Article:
Monthly Archives: December 2013

6 Common Selling Mistakes That Could Lose You Money

6 Common Selling Mistakes That Could Lose You Money

Overpricing and waiting too long for reductions.  You’ve contacted a realtor to list your home and they give you prices of comparable homes’ selling prices. You’re not in a rush, so why not list your house at the high end, or even more? I’ve heard this many times before … and your rationale is almost always one of these three:  it only takes one buyer who is willing to pay more;  your house really is nicer than those “comps” probably were; or if someone really wants your house, they’ll be willing to pay a little more to get it. And of course, you can always lower the price at some point.

Well, there are many reasons why your realtor is not doing you any favor by pricing your house high for the market. Buyers are doing lots of looking and comparison-shopping these days, and quickly gain the ability to gauge a house’s market value. Remember, they are not looking at your home in a vacuum. Pricing your house too high only helps your competition sell. The longer your house is on the market, even if you do start reducing the price, buyers view it as “stale” and wonder why no one else wanted it. Even the best marketing strategies won’t sell a house that is priced unrealistically high.

Trying to pick the ideal time to market your home . Here are some need to know points about market timing:

The best month to make an offer on a house is January.

The best day of the month to make an offer on a house is the first Tuesday.

The best time of the year to sell a house is the Spring.

The best day of the week to list your house for sale is Thursday.

Forgetting that everything is negotiable.  The words, “I have an offer for you” from your realtor are music to your ears – that is, until you hear the number following the dollar sign, and (gasp!) the conditions that accompany it. Before you panic, remember that buyers assume that their offer is a first step in a back and forth dance between buyer and seller. Try not to personalize the issues – the buyers have never even met you, and this is, ultimately a business deal. It is important to work with your realtor who is used to the real estate negotiation process and with some patience and perhaps a little compromise a deal can be reached.

 Underestimating the importance of “Showing Condition” You’ve undoubtedly heard the phrase, “curb appeal.” The same type of instant and overall impression occurs inside your home as well. You want your home to show as positively as possible, and that means the rooms should be as light, bright, and large as possible. One way to do that is to cut down on clutter or extra furniture that makes a room seems smaller than it is. The more uncluttered a room is, the more spacious it feels to a house hunter. Unfortunately, housekeeping counts too. The cleaner a home is it both makes a positive impression and creates an impression that the house has been well maintained. Many housecleaning companies offer a one time top-to-bottom cleaning for people putting their houses on the market. Sellers have said to me, “But they’re not buying the house furnished – they’ll be redoing it anyway,” or “They’re not hiring me as a housekeeper, so what do they care?” Although those are logical arguments, buyers tend to not be able to get past things that make an immediate negative impression. Also, many people do not have the “vision” to be able to see a room or house differently than it appears in front of them.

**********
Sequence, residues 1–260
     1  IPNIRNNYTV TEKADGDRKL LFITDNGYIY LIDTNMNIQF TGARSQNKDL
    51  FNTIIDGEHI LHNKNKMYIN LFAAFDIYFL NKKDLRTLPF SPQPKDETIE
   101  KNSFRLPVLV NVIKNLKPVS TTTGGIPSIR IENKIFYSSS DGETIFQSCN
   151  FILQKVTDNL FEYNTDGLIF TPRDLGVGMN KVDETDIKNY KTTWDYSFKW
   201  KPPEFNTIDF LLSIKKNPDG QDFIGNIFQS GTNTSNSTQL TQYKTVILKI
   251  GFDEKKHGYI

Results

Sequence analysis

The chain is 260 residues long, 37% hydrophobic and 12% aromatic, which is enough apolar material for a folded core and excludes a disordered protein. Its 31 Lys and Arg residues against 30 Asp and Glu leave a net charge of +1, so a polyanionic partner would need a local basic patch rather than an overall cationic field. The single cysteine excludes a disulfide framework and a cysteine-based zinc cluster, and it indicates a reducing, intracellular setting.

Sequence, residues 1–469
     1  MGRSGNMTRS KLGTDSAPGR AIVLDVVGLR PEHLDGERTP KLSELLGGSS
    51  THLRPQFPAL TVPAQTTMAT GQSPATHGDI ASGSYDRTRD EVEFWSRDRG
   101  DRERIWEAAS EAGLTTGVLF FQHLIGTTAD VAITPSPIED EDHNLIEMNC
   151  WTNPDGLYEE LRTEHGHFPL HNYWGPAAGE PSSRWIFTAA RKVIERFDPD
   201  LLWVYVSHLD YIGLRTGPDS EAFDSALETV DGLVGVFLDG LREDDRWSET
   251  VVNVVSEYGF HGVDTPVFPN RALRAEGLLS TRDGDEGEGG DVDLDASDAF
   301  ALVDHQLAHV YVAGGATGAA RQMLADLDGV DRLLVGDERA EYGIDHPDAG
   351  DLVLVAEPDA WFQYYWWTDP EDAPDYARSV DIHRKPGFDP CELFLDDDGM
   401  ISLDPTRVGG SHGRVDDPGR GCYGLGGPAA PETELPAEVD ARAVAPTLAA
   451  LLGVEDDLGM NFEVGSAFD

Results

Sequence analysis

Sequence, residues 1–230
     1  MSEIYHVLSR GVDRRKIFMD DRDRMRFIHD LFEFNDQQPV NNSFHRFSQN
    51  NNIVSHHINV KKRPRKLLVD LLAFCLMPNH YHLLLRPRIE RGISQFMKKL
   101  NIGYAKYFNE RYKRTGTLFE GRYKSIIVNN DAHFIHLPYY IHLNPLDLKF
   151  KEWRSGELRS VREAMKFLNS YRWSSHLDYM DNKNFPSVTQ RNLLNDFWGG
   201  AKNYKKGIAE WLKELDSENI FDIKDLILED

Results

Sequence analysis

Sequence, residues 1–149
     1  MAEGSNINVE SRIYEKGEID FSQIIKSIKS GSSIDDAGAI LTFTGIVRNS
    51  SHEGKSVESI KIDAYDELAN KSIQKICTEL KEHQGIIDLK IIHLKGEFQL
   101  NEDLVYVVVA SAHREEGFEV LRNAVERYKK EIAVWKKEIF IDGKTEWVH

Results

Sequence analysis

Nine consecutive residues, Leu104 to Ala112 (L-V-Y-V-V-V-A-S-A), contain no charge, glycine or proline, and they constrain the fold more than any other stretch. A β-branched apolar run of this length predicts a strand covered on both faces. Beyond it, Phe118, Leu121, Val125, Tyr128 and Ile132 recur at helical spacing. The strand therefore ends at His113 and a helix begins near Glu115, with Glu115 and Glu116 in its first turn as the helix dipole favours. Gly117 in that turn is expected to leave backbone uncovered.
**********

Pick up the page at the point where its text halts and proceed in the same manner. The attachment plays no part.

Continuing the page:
Staying Home During Showings.  Your instinct may be to be present during showings for any number of reasons: to assess the buyers’ reactions, to supervise, or to point out tiny details the showing agent may not know to mention. I can tell you in no uncertain terms from experience, both my own and that of my clients, that this is one of the worst things you can do. As a buyer, it is quite uncomfortable and leads to two common results: a quicker than normal walk through without paying attention to details and an unwillingness to ask questions or make comments that are part of their decision making process.

Not Listening to Feedback. Whenever you house is shown, the realtor will get feedback from the buyers (or their realtor) about what they liked about your house, and what shortcomings they may have perceived. There are some things you can do nothing about – for example, the fact that your backyard slopes steeply, the amount of traffic on your road, or that your house is next to a business building. Some things, however, you can change, and if a specific item comes up several times it is a good idea to address it. Buyers often assume that an area of your house that shows neglect or disrepair reflects on the same lack of attention to unseen areas. Your goal is to sell your house, not to win an argument defending why your side yard fence is unpainted and rotting.

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8 Ways to Succeed as a Buyer

8 Ways to Succeed as a Buyer

Here’s my list of must-do’s when you want to buy a home.

Get pre-approved for a mortgage.  This lets you know how much house you can afford and gives your agent a realistic price range of homes to show you. When you find a home you really like a solid pre-approval makes your offer to buy much more compelling to a seller. Most listing agents will not accept any offer without a pre-approval for an amount equal to or above the amount of the offer. I usually recommend you get a few pre-approval letters at differing amounts. That way you can match the pre-approval to your offer and not put all your cards on the table to the seller.

Don’t wait too long to act on a house you love.  While you don’t want to be impulsive, being overly cautious can cause you to miss out on the house you want.  Also, remember that there’s no law saying that the right house for you can’t be one of the first ones you see.  It’s also been my experience that even if a house is on the market for a year, the day you like it someone else does too.

Work with a realtor who is capable and whom you get along with.  My laid-back style tends to make seller’s agents initially underestimate me, (something I must admit I cultivate) and when they realize their mistake it’s often too late. Again, you want a skilled realtor, but you also have to feel some level of comfort and connection with them.  If you’re not comfortable with your agent, seek out another realtor, but be careful that you don’t violate any contractual obligations you may have agreed to with your current agent.